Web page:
Tuesday, November 6, 2018

How Much Wine is Stephanie Kelton Drinking?

Stephanie Kelton 
Stephanie Kelton is Professor of Public Policy and Economics at Stony Brook University and former chief economist on the U.S. Senate Budget Committee 2015 minority party staff and an economic advisor to Bernie Sanders' 2016 presidential campaign.

CFO.com tells us:
She’s fairly recently emerged as something of a rock star, if such a thing exists in the world of economics. She’s on TV all the time.
According to CFO, in a lecture at Stony Brook, she said what she’s trying to do is “get us to the point where we can open a nice bottle of wine, read the headline that the national debt is at an all-time high, and feel at peace with the world. Because there is no reason to panic.”

If this is Kelton's perspective, well, she is going to be drinking a lot of wine. But it is Modern Monetary Theory which is hard to understand when sober.

As she puts it, “The government can no more run out of money than a carpenter can run out of inches or the scorekeeper at the Stony Brook football game can run out of points.”

Well, yeah, when the government controls the money printing presses it can just print any amount of money it chooses. Venezuela and Zimbabwe are excellent examples of mad money printing in operation.

But this money printing does not bring wealth to an economy. It provides an edge to the money printers (the government) who get to spend it first before it falls in purchasing value and hurts regular consumers. How can this be difficult to understand?

Although Kelton also warns about price inflation, it seems to slip her mind moments later.

“In D.C., there is a great deal of pressure to pay for things,” she wrote to CFO in an email. “I wish we were having a very different kind of national debate. There’s nothing to prevent the federal government from creating as much money as it wants and paying it to someone.”


(ht Christopher Barcelo)


  1. Wow...I use the same arguments that she does. The difference is, that I present them as "reductio ad absurdum" arguments.

  2. "...or the scorekeeper at the Stony Brook football game can run out of points."

    So she wouldn't object if the scorekeeper just added unscored points to one team or the other during a game?

    1. Since I doubt she's ever played a competitive game herself, I'd kinda doubt it. However assuming her husband plays golf, ya think he'd mind adding a few strokes to his game? I kinda doubt it.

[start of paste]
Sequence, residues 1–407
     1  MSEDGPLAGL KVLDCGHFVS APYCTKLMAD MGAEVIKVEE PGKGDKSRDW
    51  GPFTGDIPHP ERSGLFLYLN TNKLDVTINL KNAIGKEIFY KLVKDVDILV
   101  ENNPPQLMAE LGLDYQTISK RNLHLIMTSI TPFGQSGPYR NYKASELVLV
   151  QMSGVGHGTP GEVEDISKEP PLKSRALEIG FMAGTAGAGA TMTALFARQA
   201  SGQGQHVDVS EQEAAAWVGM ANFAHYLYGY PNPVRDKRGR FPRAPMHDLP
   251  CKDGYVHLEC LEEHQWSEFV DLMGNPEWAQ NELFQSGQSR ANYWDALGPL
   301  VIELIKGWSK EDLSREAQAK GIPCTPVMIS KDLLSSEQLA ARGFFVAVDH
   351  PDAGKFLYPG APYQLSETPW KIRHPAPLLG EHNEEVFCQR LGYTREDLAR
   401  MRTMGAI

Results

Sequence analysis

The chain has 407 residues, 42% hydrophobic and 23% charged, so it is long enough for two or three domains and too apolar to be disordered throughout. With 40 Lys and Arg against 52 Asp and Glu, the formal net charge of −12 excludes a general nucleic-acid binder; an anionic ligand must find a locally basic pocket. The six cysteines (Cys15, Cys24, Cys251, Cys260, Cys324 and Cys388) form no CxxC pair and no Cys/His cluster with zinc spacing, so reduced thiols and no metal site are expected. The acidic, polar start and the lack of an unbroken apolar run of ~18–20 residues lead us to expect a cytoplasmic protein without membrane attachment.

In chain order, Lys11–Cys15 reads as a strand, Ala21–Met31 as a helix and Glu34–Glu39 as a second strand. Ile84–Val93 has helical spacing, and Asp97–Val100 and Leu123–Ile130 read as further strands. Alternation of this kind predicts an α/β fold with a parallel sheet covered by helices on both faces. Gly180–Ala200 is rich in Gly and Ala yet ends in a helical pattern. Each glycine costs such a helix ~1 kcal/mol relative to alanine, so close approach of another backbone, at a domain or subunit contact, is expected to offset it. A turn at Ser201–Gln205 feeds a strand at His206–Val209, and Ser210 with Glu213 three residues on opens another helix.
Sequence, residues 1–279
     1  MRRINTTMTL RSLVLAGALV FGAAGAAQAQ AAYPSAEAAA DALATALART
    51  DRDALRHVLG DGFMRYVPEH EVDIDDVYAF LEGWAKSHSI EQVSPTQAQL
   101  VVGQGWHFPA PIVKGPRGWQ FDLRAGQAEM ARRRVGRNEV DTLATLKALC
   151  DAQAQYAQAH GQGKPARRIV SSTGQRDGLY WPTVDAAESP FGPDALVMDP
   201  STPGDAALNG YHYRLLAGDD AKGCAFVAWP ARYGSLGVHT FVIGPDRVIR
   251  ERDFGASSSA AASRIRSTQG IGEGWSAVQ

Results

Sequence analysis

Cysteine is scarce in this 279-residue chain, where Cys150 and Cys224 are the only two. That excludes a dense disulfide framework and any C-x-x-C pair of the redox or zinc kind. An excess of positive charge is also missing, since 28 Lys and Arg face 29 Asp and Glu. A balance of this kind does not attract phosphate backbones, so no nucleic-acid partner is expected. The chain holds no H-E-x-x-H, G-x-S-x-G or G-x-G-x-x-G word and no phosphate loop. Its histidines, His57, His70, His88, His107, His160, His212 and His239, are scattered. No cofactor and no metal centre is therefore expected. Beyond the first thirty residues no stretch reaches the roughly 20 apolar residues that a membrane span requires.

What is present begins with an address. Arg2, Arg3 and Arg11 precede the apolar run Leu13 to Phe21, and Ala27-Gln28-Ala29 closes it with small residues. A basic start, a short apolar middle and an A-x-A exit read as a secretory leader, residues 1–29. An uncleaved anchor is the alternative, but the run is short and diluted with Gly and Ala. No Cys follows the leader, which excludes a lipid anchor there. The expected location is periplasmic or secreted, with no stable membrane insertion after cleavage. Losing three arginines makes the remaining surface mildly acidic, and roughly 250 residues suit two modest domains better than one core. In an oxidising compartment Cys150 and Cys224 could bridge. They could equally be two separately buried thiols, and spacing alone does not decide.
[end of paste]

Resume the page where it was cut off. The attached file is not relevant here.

2. Very powerful comment, Mr NAPster..we need so much of this kind of at the point reasoning when we have the rare opportunity to debate people so logically wrong not because we will get a real chance to persuade them of their total lack of logic and basic common sense (only mises I remember could in the end persuade the boss of the socialist in his time in Vienna, Mr .Otto) but because we can build an ideal debating attitude with the real people we have chance to make a difference for the freedom cause (and obviously its logical corollary, the principle so dear, I guess, to you, the NAP Non Aggression Principle better to state it for all newcomers!); I hope Mr Roddis support me on this.

  3. Wow! As scary as Kelton’s comments are, check out the comments at CFO.com. Forget the wine, get out the needle and spoon, you’re going to need something quite a bit stronger than merlot.

  4. I love to ask the MMTers probing questions. And then watch them sidestep. They will not be pinned down. Today I wrote:

    Bob Roddis said...

    And no one ever asks, “How will you pay for it?”

    I always used to ask that. But that was before I understood that modern money has abolished scarcity. Of everything. The government, using its sovereign powers and control over our marvelous fiat money supply, can easily triple the defense budget and buy every US citizen a McMansion plus two US built SUVs. It's only those mean-spirited libertarians that are holding us back.


    I've also had a long term essay contest with a small prize for the best MMT essay explaining how they know that Austrian Economics is wrong without having the faintest idea what it's about. That induces very interesting sidesteps. But no one ever says, "Oh, I understand it" or tries to explain it. That's our situation. No one will engage us. Perhaps it's hopeless.